Above Normal Temps Could Continue Through Spring 2024
According to the National Weather Service Office in Chicago, strong indications exist that temperatures through the first half of December 2023 will be above average. Average highs are mid-upper 30s, and average lows are historically in the low-mid 20s. According to the National Weather Service Climate Prediction Center (NWSCPC), most of Chicagoland (west and north) has a 70% to 80% probability of above normal temperatures. The City of Chicago and northwest Indiana has a 60% to 70% probability of above normal temperatures for the period from December 6, 2023 to December 10, 2023.
This doesn’t necessarily mean everyday will be mild, but overall the period should be mild, according to the National Weather Service Office in Chicago.
El Nino in 2023 is in place heading into winter for the first time in four years, driving the outlook for warmer-than-average temperatures for the northern tier of the continental United States, according to NOAA’s U.S. Winter Outlook that was released October 19, 2023 by the Climate Prediction Center — a division of the National Weather Service.
The NWSCPC announced on November 9, 2023 that El Niño is anticipated to continue through the Northern Hemisphere spring (with a 62% chance during April-June 2024).
Based on forecasts in early, there is a greater than 55% chance of at least a “strong” El Niño (≥ 1.5°C in Niño-3.4 for a seasonal average) persisting through January-March 2024. There is a 35% chance of this event becoming “historically strong” (≥ 2.0°C) for the November-January season.
A 1.5°C difference from 0°C to 1.5°C would be a difference of about 32°F to 34.7° or an increase of about 2.7°F.
A 2.0°C difference from 0°C to 2.0°C would be a difference of about 32°F to 35.6° or an increase of about 3.6°F.
“These outlooks provide critical guidance on the upcoming season for many industries and sectors of our economy, from energy producers to commodities markets to agricultural interests to tourism,” said Sarah Kapnick, Ph.D., NOAA chief scientist. “With a strengthening El Nino and more potential climate extremes in an already record-breaking year, we’re lucky to have scientists like those at the Climate Prediction Center helping to build a Weather and Climate-Ready Nation by providing critical operational seasonal climate predictions.”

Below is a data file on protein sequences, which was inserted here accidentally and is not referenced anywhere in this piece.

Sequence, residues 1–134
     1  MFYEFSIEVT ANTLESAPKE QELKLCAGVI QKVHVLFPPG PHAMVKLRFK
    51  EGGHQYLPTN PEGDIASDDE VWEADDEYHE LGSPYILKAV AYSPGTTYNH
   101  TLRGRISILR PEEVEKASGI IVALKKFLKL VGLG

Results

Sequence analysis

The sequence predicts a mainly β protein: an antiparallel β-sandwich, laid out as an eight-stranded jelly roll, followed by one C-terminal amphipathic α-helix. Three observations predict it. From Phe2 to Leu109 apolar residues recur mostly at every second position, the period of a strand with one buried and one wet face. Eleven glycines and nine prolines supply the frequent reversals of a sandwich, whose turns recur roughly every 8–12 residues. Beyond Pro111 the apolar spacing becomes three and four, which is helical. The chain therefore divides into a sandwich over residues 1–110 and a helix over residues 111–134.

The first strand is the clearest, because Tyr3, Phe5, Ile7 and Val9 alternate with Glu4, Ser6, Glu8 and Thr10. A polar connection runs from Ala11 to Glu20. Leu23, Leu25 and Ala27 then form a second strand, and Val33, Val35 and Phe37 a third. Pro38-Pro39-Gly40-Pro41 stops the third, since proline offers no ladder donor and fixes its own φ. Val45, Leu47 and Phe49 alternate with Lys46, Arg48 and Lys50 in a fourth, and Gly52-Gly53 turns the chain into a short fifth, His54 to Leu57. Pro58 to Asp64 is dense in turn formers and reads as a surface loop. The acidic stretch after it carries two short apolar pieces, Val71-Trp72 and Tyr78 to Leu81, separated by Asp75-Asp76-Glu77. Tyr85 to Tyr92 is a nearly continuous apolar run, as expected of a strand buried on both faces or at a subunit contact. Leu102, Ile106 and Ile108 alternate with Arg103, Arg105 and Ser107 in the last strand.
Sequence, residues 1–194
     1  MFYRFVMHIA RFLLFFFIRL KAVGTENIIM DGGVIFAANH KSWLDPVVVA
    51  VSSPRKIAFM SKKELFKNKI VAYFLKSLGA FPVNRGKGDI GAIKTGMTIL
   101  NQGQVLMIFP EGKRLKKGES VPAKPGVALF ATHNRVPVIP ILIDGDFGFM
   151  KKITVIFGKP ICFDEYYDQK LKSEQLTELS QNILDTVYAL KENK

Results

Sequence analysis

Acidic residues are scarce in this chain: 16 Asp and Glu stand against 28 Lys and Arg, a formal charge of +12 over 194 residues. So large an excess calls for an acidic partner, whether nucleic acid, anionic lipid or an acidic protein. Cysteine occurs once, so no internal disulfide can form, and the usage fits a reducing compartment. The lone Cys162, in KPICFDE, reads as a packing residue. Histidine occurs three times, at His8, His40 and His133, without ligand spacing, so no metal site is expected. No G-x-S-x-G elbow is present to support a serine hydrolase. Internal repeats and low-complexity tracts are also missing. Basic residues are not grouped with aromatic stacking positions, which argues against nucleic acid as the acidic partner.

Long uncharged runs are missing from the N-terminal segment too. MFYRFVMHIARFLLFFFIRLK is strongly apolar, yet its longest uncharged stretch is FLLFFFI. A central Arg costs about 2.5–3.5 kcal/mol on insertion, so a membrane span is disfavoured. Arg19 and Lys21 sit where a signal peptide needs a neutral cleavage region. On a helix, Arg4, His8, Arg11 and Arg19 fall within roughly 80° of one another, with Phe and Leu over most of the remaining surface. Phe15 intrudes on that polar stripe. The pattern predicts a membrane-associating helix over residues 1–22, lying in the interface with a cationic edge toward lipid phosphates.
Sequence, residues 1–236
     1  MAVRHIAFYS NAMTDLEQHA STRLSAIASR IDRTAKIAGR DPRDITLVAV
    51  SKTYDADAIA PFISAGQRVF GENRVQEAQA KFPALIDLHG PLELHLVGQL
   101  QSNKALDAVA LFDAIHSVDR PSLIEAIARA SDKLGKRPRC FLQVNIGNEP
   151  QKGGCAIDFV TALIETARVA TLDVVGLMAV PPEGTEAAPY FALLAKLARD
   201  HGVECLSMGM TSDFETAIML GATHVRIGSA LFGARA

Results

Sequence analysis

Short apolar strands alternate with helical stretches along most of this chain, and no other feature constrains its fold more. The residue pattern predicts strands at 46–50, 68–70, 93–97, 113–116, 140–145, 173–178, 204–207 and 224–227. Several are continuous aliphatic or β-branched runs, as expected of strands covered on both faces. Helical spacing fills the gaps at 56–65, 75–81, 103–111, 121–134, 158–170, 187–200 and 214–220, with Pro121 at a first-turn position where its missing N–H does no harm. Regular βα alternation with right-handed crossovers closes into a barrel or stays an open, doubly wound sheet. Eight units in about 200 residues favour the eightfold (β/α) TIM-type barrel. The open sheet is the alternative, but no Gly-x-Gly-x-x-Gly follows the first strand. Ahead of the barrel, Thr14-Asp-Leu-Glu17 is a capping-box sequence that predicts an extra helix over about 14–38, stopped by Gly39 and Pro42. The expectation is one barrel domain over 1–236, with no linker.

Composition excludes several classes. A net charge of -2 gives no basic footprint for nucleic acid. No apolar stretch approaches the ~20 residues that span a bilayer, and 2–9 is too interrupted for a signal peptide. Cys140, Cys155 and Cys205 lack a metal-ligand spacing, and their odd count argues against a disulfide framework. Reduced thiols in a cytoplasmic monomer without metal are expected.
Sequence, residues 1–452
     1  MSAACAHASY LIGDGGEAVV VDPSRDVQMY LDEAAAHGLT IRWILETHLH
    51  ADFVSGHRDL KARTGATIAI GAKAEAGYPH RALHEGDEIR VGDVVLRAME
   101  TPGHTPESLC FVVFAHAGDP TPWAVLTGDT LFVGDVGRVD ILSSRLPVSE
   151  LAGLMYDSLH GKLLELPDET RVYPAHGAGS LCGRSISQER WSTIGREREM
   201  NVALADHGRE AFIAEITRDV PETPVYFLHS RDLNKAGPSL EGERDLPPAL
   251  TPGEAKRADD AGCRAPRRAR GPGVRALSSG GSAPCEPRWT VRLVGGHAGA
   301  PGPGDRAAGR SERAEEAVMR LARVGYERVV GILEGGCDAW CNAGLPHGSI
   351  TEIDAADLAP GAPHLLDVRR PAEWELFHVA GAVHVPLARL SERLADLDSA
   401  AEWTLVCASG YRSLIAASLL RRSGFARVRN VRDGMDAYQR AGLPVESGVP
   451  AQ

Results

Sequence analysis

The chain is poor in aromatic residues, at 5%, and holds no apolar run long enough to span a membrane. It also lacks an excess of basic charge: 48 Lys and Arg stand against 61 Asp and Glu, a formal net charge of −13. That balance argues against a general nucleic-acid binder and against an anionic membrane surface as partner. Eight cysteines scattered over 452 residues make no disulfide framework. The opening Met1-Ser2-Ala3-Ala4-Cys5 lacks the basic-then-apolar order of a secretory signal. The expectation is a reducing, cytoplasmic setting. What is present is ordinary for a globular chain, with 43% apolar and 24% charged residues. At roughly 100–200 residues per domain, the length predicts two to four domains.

From December through February, NOAA predicts wetter-than-average conditions for northern Alaska, portions of the West, the southern Plains, Southeast, Gulf Coast and lower mid-Atlantic and drier-than-average conditions across the northern tier of the U.S., especially in the northern Rockies and High Plains and near the Great Lakes.
“An enhanced southern jet stream and associated moisture often present during strong El Nino events supports high odds for above-average precipitation for the Gulf Coast, lower Mississippi Valley and Southeast states this winter,” said Jon Gottschalck, chief of the Operational Prediction Branch of the Climate Prediction Center.
NOAA forecasters, in collaboration with the National Integrated Drought Information System (NIDIS), continue to monitor extreme, ongoing drought conditions that have persisted through the southern and central U.S. and worsening drought in Hawaii.
“According to the Oct. 17 U.S. Drought Monitor, a third of the country, including Puerto Rico, is in drought,” said Brad Pugh, operational drought lead with NOAA’s Climate Prediction Center. “During late October, heavy precipitation is likely to result in drought improvement for the central U.S.
El Nino with its enhanced precipitation is expected to provide drought relief to the southern U.S. during the next few months.”
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